New Nonfiction Books, June 2023

This post may contain affiliate links.

I’m catching up on my nonfiction children’s books from the past months and have so many exceptional books to share with you. These are books for all ages — from picture books about animals and emotions to middle grade books about sea animals and lions. Get ready to put a lot of books on hold at your local library!

New Nonfiction Books, June 2023

Invisible Things by Andy J. Pizza and Sophie Miller
This beautiful book seemingly starts as a book about seeing things with your five senses, but it blossoms into a rich, kid-friendly exploration of feelings — and how noticing our invisible feelings makes for a wonderful life. The creators talk about moods and feelings kids might not know like nostalgia, the heeebie-jeebies, and the blues. The feelings chart is lovely and includes the blahs, empathy, worries, guts, hope, and more. I love the creators’ clever ideas that will spark more curiosity about invisible feelings and other invisible things. This is new read aloud favorite!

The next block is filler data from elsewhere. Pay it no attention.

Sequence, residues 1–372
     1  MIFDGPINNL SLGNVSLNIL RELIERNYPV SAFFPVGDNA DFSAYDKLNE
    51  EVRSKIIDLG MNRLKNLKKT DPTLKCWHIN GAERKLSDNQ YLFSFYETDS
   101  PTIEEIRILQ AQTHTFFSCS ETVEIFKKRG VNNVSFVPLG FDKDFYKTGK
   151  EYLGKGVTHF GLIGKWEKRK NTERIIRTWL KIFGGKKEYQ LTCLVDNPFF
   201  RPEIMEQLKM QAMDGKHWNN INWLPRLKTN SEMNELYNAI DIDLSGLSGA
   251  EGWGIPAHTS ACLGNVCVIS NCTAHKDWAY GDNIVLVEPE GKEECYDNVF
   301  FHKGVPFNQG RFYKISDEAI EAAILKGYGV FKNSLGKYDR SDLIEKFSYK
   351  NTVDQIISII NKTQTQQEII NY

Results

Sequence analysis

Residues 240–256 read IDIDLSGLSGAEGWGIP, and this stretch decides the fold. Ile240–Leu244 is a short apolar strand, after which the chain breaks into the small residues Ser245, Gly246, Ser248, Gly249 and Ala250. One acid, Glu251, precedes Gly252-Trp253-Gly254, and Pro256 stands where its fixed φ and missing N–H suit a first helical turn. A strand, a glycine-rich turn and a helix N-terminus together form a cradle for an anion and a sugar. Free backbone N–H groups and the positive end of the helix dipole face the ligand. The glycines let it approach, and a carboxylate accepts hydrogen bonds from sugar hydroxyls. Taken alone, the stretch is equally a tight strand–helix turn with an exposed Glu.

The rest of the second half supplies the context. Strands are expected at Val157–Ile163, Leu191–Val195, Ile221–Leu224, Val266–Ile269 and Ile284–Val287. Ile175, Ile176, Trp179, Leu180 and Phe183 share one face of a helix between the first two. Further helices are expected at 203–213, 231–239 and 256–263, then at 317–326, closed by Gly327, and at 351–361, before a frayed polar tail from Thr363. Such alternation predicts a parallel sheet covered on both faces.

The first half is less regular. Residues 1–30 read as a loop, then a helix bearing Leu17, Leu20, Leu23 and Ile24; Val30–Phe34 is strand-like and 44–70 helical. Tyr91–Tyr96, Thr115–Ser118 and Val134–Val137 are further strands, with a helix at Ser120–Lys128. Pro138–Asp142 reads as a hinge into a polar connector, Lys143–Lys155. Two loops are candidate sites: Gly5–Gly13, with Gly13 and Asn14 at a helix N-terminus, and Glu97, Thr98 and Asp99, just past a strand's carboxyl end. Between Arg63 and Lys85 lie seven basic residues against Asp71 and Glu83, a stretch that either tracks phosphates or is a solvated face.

We Dug Up the World: Unearth Amazing Archaeology Discoveries by Alexandra Stewart, illustrated by Kitty Harris
Readers will learn about interesting things that people have dug up — asteroids, dinosaurs, ancient art, underwater cities, and more. Each discovery is illustrated in scenes, objects, and people accompanied by factual information. It’s fascinating; kids will love this book!

Great White Shark by Claire Saxby, illustrated by Cindy Lane
A fascinating exploration of the great white shark. We follow a pregnant female shark searching for food and warmer waters. As we follow her journey, each page shares factual information about great white sharks, too. From how sharks hunt to what they eat and then to birth, this teaches us so much. I love everything about this book.